Lab 01 - R you ready?


Due: 2019-09-05 at noon Turn your .html file in on Sakai


R is the name of the programming language itself and RStudio is a convenient interface.

The main goal of this lab is to introduce you to R and RStudio, which we will be using throughout the course both to learn the statistical concepts discussed in the course and to analyze real data and come to informed conclusions.

As the labs progress, you are encouraged to explore beyond what the labs dictate; a willingness to experiment will make you a much better programmer. Before we get to that stage, however, you need to build some basic fluency in R. Today we begin with the fundamental building blocks of R and RStudio: the interface, reading in data, and basic commands.

Getting started

Each of your assignments will begin with the following steps.

For this assignment, go to RStudio Cloud and open Lab 01 - R You Ready?.


In this lab we will work with two packages: datasauRus which contains the dataset, and tidyverse which is a collection of packages for doing data analysis in a “tidy” way. These packages have already been installed on your RStudio Cloud workspace.

If you’d like to run your code in the Console as well you’ll also need to load the packages there. To do so, run the following in the console.


Note that the packages are also loaded with the same commands in your R Markdown document.

Warm up

Before we introduce the data, let’s warm up with some simple exercises.


Currently, the .Rmd file is called r-you-ready.Rmd. Change this to your-last-name-r-you-ready.Rmd replacing your-last-name with your last name.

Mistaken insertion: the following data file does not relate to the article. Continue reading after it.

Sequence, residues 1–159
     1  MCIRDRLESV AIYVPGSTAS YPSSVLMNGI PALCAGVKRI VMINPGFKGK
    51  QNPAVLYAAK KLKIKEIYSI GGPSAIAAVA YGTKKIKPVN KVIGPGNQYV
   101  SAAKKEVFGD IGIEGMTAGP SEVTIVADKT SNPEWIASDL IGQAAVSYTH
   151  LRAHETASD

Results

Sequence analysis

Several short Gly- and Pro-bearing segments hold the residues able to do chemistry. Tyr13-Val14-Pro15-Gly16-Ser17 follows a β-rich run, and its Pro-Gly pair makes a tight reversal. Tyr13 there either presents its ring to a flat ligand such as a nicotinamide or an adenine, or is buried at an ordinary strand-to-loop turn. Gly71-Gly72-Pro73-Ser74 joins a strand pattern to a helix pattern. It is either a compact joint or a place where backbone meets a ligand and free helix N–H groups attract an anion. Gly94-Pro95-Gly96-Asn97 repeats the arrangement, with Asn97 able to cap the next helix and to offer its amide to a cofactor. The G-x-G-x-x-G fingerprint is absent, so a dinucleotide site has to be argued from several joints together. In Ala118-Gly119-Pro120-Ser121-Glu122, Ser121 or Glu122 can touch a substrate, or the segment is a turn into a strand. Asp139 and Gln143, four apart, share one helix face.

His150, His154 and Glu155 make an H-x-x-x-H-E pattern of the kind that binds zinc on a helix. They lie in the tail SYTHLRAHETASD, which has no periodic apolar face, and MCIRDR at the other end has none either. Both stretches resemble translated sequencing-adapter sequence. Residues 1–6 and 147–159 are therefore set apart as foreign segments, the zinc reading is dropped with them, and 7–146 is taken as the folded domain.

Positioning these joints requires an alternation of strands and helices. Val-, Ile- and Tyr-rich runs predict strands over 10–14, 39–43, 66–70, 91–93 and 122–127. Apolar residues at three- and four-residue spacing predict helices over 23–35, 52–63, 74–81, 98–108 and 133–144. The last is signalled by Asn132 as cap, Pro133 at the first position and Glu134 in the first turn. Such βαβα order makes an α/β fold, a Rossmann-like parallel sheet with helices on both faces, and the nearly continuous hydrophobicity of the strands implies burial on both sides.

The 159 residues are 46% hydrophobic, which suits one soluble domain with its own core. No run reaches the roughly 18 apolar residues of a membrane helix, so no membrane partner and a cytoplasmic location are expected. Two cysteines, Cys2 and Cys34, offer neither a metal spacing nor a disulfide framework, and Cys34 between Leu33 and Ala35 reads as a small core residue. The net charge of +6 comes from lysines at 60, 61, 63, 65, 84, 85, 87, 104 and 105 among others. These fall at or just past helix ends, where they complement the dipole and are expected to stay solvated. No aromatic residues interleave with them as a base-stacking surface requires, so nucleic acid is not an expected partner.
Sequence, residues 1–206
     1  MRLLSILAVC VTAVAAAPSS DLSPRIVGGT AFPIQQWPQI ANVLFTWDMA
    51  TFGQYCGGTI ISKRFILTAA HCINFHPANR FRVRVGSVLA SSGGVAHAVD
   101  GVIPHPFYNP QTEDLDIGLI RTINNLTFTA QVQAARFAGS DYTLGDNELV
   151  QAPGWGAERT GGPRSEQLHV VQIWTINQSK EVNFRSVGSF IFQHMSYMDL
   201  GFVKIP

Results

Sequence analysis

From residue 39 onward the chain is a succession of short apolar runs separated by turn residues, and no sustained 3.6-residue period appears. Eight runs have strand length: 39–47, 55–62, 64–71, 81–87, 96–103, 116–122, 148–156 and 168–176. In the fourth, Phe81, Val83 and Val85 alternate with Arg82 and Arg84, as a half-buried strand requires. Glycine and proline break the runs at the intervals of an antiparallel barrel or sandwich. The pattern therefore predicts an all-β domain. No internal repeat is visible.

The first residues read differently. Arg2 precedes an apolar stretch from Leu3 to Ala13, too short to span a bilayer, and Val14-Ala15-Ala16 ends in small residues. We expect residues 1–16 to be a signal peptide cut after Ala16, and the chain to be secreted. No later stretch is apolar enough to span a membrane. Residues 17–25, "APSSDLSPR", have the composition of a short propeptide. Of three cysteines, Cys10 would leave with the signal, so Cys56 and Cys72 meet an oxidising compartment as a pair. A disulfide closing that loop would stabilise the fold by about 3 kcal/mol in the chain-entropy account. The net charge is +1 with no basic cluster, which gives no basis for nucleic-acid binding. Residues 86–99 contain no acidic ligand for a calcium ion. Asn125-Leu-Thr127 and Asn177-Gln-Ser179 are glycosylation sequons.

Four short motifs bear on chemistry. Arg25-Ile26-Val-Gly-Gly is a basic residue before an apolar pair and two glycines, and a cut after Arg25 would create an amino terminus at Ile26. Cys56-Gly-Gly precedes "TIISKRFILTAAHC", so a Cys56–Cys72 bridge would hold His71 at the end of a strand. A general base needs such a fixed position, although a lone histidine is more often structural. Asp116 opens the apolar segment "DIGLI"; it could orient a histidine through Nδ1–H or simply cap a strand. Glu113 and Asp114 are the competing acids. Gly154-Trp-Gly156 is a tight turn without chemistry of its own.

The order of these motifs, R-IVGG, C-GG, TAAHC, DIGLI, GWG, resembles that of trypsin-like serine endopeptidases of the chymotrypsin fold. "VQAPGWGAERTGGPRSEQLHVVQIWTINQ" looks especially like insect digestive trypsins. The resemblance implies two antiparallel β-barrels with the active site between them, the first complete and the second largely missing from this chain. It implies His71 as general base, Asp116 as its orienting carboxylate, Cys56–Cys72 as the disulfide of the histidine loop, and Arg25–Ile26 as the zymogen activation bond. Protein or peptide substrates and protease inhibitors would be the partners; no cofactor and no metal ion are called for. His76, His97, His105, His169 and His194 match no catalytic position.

The top portion of your R Markdown file (between the three dashed lines) is called YAML. It stands for “YAML Ain’t Markup Language”. It is a human friendly data serialization standard for all programming languages. All you need to know is that this area is called the YAML (we will refer to it as such) and that it contains meta information about your document.


Open the R Markdown (Rmd) file in your project, change the author name to your name, and knit the document.

Change the date in your YAML to today’s date, and knit the document.


In this lab we will use the tidyverse and datasauRus packages. We can load them using the following:



If it’s confusing that the data frame is called datasaurus_dozen when it contains 13 datasets, you’re not alone! Have you heard of a baker’s dozen?

The data frame we will be working with today is called datasaurus_dozen and it’s in the datasauRus package. Actually, this single data frame contains 13 datasets, designed to show us why data visualisation is important and how summary statistics alone can be misleading. The different datasets are marked by the dataset variable.

To find out more about the dataset, type the following in your Console: ?datasaurus_dozen. A question mark before the name of an object will always bring up its help file. This command must be ran in the Console.

  1. Based on the help file, how many rows and how many columns does the datasaurus_dozen file have? What are the variables included in the data frame? Add your responses to your lab report.

Let’s take a look at what these datasets are. To do so we can make a frequency table of the dataset variable: